before that, join us this week on The Paddler’s Planet to learn more about Bob Purdy’s

quest to use paddling to help protect the natural environment that sustains us all.

Bob Purdy Tofino Race Day 024-sm

World Paddle For The Planet October 10-13, in Panama City Beach, Florida

Enjoy the podcast now

You can also listen on Stitcher Radio and iTunes

It’s Shark Week Let’s Not Get Caught Up In Fear~SUP Radio Show

SUP Radio Show Host Leslie Kolovich

Hey there this is Leslie Kolovich and I invite you to take a listen to some of my best informative shows about sharks.  The following 3 shows help us understand the crucial importance of sharks in our oceans.  I believe education is key to understanding just about everything we fear most.  It’s Shark Week and we will be bombarded with horrible images that turn the shark into our enemy. I urge you to get past what Hollywood will place before you, try to understand and use common sense.  Sharks are to be respected and play a very important role in our oceans.

Enjoy the show with 16 year old Sara Brenes who is very passionate about saving sharks.  She tells us why in this very wonderful interview with  The Shark Whisperer


Also, enjoy the show with Dr. John Carlson discussing his research with the National Marine Fisheries Service, including shark tagging in the Gulf of Mexico.  Dr. John Carlson


If you get a chance go on Amazon and look for the Book “Sea Salt” by Stan Waterman.  Look for the 90 minute segment on Discovery’s Shark Week called “The Man Who Loves Sharks”. This interview I will cherish for life.  Stan Waterman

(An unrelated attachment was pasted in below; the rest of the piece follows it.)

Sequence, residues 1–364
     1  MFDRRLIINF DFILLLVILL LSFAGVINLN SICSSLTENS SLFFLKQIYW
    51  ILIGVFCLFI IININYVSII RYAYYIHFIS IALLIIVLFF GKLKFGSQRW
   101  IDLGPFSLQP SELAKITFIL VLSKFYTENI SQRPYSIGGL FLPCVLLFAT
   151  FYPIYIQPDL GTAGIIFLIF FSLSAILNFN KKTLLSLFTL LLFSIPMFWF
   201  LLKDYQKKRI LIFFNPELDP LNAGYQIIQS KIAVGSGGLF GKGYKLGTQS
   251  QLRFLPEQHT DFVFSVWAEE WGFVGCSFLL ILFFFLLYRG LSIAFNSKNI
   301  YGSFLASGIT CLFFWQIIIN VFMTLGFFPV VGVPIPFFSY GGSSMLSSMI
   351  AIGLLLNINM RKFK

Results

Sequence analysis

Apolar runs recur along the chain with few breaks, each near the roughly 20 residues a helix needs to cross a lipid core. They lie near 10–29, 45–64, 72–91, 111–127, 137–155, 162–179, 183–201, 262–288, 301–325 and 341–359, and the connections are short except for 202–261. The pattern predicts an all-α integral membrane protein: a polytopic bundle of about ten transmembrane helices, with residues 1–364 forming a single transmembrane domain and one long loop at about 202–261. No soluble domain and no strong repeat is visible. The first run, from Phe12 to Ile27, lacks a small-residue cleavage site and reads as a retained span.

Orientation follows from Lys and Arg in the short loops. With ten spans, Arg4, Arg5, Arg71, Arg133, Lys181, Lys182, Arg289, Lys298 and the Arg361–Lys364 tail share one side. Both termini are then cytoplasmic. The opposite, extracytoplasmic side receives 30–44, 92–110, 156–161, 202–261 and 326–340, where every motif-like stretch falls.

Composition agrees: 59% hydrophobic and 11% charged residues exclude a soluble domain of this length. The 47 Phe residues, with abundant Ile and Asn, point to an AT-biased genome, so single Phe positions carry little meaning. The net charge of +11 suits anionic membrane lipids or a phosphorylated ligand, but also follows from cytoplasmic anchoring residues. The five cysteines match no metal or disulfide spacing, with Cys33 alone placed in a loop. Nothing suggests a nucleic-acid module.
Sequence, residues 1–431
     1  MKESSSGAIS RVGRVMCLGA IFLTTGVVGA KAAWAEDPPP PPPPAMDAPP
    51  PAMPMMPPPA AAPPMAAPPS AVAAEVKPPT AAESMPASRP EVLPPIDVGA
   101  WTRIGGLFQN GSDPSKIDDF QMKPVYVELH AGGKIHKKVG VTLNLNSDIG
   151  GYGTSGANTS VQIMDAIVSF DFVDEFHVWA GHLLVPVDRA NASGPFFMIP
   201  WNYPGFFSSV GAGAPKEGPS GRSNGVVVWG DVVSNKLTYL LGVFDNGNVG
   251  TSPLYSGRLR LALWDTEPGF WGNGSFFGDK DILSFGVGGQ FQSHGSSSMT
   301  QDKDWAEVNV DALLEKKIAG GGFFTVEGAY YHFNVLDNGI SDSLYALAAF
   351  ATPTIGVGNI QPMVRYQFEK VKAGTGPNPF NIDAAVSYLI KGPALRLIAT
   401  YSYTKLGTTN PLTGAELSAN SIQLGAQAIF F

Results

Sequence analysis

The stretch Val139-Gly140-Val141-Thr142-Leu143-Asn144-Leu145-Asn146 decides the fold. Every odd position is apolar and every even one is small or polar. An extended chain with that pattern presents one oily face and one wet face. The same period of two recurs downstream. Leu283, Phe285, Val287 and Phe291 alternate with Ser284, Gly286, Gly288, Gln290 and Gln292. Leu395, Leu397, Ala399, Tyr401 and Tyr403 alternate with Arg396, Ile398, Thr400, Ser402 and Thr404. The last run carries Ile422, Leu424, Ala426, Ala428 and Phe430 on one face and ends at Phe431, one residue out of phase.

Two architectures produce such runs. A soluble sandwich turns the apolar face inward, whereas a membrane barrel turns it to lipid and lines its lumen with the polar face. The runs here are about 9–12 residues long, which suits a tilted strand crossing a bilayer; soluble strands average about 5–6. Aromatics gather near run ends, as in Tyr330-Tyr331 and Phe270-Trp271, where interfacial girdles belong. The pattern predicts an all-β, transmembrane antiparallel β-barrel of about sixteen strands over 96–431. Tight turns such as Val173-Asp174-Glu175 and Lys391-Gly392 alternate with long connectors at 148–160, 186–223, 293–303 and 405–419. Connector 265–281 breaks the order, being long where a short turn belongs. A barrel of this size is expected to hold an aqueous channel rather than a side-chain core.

It is my hope that these fantastic people will give us all a new outlook, a sense of urgency to stand up and do something about the terrible situation our shark population is in.  Fear is brought on by not using our inner spirit to question, to learn, and listen~ Leslie Kolovich.


Thank You Surf Blueridge SUP for your continued support to SUP Radio Show

Click Logo to learn More About Surf Blue Ridge

Standup4GreatBear – A Must See ~SUP Radio Show

I had the opportunity to see this film on the big screen last night in British Columbia and was moved beyond words.  Please watch this poignant film and let me know how it makes you feel.  Lets all Stand Up together NOW! For more information, go to www.mountainsurfadventures.com.

Precision Paddleboards

Click here to learn more about Precision Paddleboards

Click Here to learn More About Surf Blue Ridge

Click Here To Check Out SUP Wheels

Athleta Featured Athlete West Coast SUP Reporter Kristin Thomas

Kristin Thomas West Coast Reporter AND ATHLETA Featured ATHLETE

Congratulations to West Coast Reporter Kristin Thomas for being chosen as a Featured Athleta Athlete.  Kristin is an amazing all around woman, mother, wife, businesswoman, friend to everyone and SUP Elite Racer!  SUP Radio is Super Stoked for Kristin Thomas!  What an great ambassador for Women of SUP!

Check out her story on Athleta  Featured Athletes!

Kristin Thomas Athleta Featured Athlete For 2012!